No matter whether you get a fixed-rate mortgage or an adjustable-rate mortgage, you'll need to pay interest. The higher the interest rate the more your monthly payments will be. Interest rates vary based on many factors. As of 2016, interest rates remain historically low, so it would be a good time to borrow money. But just because interest rates are low doesn't mean you qualify for the best rate. That depends largely on your credit score. The higher your credit score, the lower your interest rate, and the lower your credit score the higher your interest rate will be (if you qualify at all). Lenders generally prefer your score to be 620 or above to qualify for a loan. The FHA goes as low as 580.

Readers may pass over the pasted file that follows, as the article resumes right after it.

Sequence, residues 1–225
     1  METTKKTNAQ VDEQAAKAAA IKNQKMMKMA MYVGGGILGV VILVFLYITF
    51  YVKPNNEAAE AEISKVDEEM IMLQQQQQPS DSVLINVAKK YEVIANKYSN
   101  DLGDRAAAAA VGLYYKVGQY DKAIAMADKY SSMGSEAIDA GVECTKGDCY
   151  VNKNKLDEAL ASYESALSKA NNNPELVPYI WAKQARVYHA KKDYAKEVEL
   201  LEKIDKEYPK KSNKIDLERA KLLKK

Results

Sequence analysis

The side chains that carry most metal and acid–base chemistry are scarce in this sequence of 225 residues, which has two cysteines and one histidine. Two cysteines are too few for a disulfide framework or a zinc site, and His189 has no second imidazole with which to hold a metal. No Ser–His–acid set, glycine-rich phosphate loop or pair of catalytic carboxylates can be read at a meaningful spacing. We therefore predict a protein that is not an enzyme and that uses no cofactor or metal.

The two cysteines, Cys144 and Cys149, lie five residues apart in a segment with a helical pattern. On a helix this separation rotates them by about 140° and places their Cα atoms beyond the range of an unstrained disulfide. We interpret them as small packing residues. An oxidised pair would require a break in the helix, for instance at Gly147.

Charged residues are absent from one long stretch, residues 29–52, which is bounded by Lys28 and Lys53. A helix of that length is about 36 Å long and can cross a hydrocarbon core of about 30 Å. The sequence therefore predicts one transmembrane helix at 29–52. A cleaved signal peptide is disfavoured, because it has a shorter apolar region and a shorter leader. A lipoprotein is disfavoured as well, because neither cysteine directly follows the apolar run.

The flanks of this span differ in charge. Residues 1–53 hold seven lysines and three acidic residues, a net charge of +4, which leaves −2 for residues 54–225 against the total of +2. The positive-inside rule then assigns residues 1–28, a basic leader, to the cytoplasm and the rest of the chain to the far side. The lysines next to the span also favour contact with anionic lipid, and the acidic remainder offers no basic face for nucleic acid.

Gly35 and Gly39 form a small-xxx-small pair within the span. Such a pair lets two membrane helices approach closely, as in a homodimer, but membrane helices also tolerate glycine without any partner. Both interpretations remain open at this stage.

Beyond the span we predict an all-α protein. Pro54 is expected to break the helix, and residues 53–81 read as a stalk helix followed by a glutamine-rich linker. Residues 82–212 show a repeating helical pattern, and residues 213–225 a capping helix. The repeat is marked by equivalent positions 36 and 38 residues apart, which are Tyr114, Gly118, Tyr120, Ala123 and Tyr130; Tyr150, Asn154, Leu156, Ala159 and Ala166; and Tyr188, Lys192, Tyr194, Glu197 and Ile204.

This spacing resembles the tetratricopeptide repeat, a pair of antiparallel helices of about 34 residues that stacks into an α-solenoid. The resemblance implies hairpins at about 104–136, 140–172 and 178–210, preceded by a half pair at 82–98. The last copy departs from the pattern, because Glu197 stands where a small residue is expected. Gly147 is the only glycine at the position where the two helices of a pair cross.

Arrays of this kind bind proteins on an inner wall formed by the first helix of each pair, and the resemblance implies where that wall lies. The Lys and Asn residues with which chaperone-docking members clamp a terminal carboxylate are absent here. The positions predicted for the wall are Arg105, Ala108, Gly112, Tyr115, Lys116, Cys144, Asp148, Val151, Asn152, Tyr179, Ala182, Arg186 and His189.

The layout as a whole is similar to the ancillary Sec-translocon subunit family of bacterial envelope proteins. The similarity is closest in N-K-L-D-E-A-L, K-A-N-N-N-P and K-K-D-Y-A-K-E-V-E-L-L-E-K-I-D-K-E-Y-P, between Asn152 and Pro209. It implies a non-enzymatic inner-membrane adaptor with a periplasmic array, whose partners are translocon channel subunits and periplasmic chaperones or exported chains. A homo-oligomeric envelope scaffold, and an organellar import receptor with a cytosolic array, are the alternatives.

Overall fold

Solution: Wait to buy a house until you raise your credit score. The best ways to do that would be to start paying all your bills on time and to lower your debt load.

7. Property Taxes Are Too High

Property taxes vary based on where you live. To give you an example of just how much they can vary, Hawaii has the lowest property taxes in the nation of 0.28 percent. Compare that with New Jersey, the state with the highest property taxes, at 2.29 percent. Annual property taxes are typically divided by 12 and become part of your mortgage payment. They go into an escrow account, which your lender pays at tax time. Depending on how much the taxes are in your area, they might make your mortgage payment too high to be affordable for you.

Solution: Most people don't relocate based on property taxes alone, but some do. Another solution is to find a less expensive home.

8. Homeowners Insurance Costs Too Much